According to the terms of the deal, Dutch sports car firm Spyker will hand over 540 million kronor ($74 million) in cash to GM to complete the deal. The first $50 million is due immediately and the outstanding amount is due to be handed over on July 15th 2010.
It is this second instalment that is the subject of intense speculation and Victor Muller told the newspaper that he is reluctant to reveal the identities of the investors he claims are interested in the deal, on a point of principle.
“They want to be anonymous for the reason that they do not want to be public people,” Muller told the newspaper.
A company press release issued on Monday detailing the financing behind the purchase of the Swedish car maker does little to shed light on the deal:
“Spyker has been approached by various investors to fund this instalment. Spyker intends to finance this amount primarily through senior debt (senior to the debt owed to Tenaci), but does not rule out other alternatives.”
The Local reported on Saturday that a Swedish government investigation into the dealings of the Russian Antonov family, who retain an interest in the form of outstanding loans and ordinary shares in Spyker, had caused the FBI to order GM to pull out of the deal in December.
Muller was unable to confirm to SvD the nature of the Antonovs’ existing involvement in Spyker or the Saab deal.
“I do not want to go into this on principal. I am reluctant to talk about them,” Muller said, adding that the Antonovs’ alleged links to organized crime were “just rumours, there is no proof that it is true.”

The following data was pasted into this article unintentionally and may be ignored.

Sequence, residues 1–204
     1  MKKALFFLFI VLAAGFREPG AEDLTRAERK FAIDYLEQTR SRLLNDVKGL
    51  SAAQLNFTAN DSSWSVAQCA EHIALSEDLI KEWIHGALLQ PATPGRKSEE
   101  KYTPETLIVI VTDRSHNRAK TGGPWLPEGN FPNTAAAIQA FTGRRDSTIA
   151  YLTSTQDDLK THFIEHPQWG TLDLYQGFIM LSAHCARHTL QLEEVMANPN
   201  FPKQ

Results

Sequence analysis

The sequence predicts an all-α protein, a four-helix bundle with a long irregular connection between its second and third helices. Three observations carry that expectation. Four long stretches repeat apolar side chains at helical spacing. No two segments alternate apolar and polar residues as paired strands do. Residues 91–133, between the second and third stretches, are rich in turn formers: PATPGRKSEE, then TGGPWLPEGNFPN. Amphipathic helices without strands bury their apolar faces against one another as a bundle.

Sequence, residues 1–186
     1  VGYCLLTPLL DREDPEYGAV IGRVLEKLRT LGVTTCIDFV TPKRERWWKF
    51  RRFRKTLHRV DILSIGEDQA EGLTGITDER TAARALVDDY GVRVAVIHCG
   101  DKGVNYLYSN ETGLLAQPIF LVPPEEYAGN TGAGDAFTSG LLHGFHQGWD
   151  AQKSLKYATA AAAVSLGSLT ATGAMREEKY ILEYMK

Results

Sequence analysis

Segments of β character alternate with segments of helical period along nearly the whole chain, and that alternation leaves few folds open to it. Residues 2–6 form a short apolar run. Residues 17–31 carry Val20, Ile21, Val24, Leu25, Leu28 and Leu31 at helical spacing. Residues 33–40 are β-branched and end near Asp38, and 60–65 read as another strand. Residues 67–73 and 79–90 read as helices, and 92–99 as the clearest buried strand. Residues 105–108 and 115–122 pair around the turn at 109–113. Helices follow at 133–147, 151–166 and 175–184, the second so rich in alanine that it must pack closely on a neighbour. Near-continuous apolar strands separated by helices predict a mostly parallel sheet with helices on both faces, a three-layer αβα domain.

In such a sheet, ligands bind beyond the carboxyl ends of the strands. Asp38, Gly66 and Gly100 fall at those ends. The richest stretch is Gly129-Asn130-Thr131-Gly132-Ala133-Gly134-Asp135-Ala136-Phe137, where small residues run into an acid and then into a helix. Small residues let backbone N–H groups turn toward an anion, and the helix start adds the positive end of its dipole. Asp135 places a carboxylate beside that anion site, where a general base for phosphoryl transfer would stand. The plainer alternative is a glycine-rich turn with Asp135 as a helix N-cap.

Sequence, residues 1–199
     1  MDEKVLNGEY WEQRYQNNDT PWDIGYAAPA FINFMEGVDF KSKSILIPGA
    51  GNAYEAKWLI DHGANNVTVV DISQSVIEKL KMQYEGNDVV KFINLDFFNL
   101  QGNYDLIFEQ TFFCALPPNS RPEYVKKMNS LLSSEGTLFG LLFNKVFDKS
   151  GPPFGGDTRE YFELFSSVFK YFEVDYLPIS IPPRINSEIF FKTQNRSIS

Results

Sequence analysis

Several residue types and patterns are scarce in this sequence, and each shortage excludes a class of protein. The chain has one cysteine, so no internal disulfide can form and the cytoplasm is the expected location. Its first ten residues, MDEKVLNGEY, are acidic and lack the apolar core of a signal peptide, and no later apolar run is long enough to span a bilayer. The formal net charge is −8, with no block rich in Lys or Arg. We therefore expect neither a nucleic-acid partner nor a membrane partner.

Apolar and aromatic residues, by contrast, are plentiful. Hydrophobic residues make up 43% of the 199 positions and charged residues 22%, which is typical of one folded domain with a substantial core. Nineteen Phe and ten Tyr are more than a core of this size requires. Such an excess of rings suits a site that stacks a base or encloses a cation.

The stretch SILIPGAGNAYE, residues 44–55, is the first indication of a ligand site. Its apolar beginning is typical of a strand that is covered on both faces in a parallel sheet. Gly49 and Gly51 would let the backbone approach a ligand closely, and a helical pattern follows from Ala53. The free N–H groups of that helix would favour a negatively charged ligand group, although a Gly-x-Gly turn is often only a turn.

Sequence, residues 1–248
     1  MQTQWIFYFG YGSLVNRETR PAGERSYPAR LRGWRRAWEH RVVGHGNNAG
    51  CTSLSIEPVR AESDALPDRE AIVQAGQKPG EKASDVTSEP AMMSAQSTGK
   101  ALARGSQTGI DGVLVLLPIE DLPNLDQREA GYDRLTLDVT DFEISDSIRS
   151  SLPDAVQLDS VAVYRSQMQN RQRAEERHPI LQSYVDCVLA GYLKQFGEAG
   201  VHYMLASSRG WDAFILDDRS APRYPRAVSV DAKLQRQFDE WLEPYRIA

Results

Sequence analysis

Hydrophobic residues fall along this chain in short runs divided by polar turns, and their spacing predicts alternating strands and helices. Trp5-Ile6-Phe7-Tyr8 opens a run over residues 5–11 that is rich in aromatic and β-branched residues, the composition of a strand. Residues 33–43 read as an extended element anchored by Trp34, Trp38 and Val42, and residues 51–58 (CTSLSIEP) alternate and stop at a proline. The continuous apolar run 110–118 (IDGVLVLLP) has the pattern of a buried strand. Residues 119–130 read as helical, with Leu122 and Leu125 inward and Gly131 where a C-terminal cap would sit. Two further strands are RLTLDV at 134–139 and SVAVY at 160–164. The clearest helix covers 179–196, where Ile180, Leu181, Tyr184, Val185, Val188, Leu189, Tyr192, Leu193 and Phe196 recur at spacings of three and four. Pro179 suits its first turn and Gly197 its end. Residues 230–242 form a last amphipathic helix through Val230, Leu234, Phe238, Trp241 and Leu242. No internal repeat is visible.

In Spyker’s Monday press release, Muller explains that Vladimir Antonov’s current shareholding of 4.6 million ordinary shares in Spyker has been bought by Tenaci – a holding firm directly owned by Victor Muller, “subject to closing of the Saab acquisition.”
Furthermore, according to the newspaper, Spyker is groaning under a mountain of debt to the Antonov group and their bankers, much of it resembling text message loans with crippling interest rates in excess of 10 percent, several of which have already fallen due.
This debt, amounting to 580 million kronor, will remain on Spyker’s books even after the completion of the Saab purchase, and of Antonov’s share holding, but will simply be written over to Victor Muller – at the same high rates of interest, SvD writes.
All of these transactions are to be funded by loans secured by Victor Muller and/or companies controlled directly by him.
“We have a lot of alternatives to see where we can secure the money, we have six months to sort it out,” Muller told SvD.
“Spyker finances its own deals and Saab shall finance its own deals. So no money will be transferred from the one to the other,” Muller claimed in response to a question as to whether Saab’s purported 1 billion kronor cash reserves will in some way be drawn into the financing of the takeover.